Optimal Distance for Speed Development

Posted In: The Classics

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    flow on #19227

    a lot of times what's percieved as a max velocity problem is simply a problem with effort/race distribution.  this is one reason why handicapped starts (over 50-80m) or comp. like 80's can really help teach this. and all of a sudden what you thought was an energy system problem gets cleaned up.
    –KT

    [/quote]

    Thanks Kebba-
    That makes perfect sense. I totally agree.

    hey there : )
    although you answered my qestion here  https://elitetrack.com/index.php?option=com_smf&Itemid=94&topic=3676.msg40861#quickreply  (see quote below)
    i now stumbled over the thread above and i´m  confused again -.-  sorry.
    how can there be a race distribution when accelerating maximally?  this hole issue throws up questions for  acceleration,  maxV and speed endurance training and really doesnt let me sleep -.-
    would be really nice to get some help again.  i´m really sorry for being such a pain…

    [quote author="Flow" date="1158547504"]
    mike,  i have great problems with not accelerating as fast as i can (pride: P ).  at the moment im working in the "just let it happen"  manner,  unfolding and striding as it feels good(under consideration of proper? mechanics).
    should i give this "power not speed" thing a concideration and try to stay longer in a "pushing backward with power,  strong armswing,  emphasized powerfull trippelextension" phase/thing/whatever??
    (quotation marks mark my understanding of the info given in below text and not actual quotes)

    I don't really recommend a submaximal acceleration…what I recommend is submaximal turnover during the first 30-50m. To generate momentum efficiently while accelerating one must create as large an impulse as possible. To do this ground contacts should be a little longer. Not plodding along long but longer than at top end speed. One of the most common faults I see is athletes attempting to turnover like crazy in the first couple steps without generating any force whatsoever. As a general statement I'd recommend longer-to-progressively shorter ground contacts, larger ranges of motion of the limbs, and a naturally and progressively changing body angle throughout the acceleration.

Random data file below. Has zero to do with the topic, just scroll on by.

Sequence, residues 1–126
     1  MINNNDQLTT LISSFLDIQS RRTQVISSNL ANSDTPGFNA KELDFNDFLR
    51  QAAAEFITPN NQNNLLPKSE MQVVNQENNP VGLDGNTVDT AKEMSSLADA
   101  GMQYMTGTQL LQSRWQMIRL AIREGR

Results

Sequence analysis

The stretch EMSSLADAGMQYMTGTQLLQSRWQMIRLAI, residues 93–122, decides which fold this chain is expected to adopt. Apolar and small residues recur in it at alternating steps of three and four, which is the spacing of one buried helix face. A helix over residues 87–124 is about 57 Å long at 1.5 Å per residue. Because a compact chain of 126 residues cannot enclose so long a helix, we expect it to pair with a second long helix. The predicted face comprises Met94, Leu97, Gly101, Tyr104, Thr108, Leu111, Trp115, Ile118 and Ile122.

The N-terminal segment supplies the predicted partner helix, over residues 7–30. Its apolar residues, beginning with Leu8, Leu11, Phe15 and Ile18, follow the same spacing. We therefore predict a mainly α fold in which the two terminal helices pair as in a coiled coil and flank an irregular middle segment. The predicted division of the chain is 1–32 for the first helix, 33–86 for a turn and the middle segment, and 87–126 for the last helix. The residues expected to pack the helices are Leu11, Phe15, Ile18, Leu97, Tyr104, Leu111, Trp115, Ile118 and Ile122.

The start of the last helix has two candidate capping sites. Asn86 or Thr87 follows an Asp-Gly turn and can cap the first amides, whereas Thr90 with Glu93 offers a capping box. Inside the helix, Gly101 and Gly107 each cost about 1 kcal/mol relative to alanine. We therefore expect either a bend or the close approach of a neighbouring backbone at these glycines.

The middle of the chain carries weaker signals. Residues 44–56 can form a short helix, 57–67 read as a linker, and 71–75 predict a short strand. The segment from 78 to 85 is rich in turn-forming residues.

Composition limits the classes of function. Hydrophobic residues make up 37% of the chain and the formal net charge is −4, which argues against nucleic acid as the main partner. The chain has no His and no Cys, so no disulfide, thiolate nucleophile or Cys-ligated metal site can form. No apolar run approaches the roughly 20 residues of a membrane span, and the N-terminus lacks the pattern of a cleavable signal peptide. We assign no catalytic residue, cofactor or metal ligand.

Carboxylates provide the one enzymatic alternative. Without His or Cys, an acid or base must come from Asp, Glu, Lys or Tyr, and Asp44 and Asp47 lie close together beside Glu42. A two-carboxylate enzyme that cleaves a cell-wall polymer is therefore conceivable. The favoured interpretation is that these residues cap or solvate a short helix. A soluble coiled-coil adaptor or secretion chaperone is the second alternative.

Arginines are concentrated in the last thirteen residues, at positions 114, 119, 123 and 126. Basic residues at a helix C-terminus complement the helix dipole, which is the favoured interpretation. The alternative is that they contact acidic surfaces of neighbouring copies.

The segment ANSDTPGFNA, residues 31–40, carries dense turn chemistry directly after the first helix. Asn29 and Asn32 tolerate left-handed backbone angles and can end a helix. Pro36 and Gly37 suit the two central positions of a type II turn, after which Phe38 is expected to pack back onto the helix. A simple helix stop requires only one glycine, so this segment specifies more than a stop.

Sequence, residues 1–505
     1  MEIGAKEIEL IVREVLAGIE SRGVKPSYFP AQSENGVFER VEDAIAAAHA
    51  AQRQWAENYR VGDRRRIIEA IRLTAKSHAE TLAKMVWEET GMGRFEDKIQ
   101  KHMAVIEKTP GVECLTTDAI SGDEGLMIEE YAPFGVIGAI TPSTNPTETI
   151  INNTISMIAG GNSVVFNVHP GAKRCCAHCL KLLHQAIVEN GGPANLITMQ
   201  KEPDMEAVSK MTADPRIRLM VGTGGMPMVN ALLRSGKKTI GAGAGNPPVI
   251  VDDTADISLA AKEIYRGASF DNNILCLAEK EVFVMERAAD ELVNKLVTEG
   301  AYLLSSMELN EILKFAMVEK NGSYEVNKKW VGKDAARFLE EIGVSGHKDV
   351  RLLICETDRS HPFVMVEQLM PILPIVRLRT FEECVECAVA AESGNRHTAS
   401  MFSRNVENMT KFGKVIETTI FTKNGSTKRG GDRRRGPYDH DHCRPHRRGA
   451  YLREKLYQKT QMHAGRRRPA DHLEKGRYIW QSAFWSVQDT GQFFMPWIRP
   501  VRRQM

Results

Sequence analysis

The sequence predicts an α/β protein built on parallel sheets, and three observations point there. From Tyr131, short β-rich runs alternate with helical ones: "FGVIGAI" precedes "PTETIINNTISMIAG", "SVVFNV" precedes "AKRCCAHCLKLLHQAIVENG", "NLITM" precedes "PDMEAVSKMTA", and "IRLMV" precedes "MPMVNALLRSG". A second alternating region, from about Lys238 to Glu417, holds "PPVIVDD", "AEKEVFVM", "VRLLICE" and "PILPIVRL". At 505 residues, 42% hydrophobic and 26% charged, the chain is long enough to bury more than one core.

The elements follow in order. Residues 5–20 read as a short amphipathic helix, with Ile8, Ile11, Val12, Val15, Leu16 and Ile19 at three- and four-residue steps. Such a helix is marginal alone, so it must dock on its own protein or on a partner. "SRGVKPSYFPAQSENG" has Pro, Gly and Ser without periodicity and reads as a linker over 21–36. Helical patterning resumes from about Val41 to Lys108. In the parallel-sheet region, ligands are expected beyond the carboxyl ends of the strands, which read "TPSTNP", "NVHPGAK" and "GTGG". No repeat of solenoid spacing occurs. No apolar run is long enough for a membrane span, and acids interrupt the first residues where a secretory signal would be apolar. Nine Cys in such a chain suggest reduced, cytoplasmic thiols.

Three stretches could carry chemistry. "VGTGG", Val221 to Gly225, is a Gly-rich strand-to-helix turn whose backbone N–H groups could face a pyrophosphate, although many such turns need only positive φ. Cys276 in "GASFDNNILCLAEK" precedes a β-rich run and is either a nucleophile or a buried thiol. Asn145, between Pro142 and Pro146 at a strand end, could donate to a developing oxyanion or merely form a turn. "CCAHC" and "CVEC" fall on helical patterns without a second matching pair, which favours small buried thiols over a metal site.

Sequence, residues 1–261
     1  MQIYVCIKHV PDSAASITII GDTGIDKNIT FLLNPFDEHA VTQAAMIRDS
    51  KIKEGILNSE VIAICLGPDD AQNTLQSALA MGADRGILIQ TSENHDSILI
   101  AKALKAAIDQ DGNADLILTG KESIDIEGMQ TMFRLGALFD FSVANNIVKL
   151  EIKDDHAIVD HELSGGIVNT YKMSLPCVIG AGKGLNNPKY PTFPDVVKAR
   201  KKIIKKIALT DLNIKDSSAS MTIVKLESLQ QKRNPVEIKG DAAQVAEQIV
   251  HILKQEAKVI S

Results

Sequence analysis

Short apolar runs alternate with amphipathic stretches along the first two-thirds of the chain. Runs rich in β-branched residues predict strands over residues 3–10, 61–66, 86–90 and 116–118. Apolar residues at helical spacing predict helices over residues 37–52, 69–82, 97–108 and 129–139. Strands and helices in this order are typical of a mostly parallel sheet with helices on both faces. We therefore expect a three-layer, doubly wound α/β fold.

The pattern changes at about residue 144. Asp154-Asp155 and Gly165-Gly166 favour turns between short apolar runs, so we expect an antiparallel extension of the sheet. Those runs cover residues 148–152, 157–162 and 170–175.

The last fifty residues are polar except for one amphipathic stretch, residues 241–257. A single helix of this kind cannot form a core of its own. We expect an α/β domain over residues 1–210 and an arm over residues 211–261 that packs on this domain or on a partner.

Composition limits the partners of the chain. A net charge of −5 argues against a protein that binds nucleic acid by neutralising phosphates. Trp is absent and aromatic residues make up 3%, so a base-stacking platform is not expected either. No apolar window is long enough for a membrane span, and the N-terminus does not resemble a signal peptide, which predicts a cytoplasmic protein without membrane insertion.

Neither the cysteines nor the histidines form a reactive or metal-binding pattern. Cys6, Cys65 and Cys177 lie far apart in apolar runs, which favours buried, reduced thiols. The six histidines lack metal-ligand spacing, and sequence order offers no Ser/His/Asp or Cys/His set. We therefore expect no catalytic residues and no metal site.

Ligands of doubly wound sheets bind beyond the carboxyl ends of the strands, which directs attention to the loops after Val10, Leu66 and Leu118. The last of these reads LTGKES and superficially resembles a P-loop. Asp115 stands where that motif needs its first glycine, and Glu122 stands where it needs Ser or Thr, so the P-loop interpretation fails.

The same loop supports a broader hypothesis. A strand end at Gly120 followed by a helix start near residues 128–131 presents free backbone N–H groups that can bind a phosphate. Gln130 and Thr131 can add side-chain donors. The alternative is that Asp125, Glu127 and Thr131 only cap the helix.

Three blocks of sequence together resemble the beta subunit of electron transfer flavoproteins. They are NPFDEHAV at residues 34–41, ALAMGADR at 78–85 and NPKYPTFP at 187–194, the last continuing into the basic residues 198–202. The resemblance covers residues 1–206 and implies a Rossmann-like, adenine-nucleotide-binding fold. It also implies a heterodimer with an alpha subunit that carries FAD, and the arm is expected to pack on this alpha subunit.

[/quote]

    Mike Young
    Keymaster
    Mike Young on #19228

    I don't understand where the hang up is. The response you quoted was from a thread about 55/60m runs. There isn't really any race distribution in a race that short….run the whole thing as hard as possible. In longer races (as discussed in this thread) there may be an advantage to a submaximal acceleration due to the effect that it may have on the latter portions of the race. Either way the real acceleration (i.e. first 20-40m) is going to be essentially the same. In the 100m any throttling back typically takes place in the 40-60m range…so the first 20-40m of a 60m race and a 100m race are practically identical. I guess what I'm saying is that even when an athlete intentially distributes there effort over the course of a race the difference between maximal and submaximal is very slight.

    This brings to light a common problem among younger and less experienced athletes. That is, many lack the ability to distinguish gradations of effort and pace. A lot of athletes can't tell the difference between 95% and 100% much less the ~98% and 100% efforts that might be used in a well distributed race.

    ELITETRACK Founder

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    flow on #19229

    i somehow denied the fact that the latter quote was referring to strictly 55/60m races,  dont know why  :puzzled:
    however you anyhow cleared up everything – i thought the holding back would take place earlier,  thanks.

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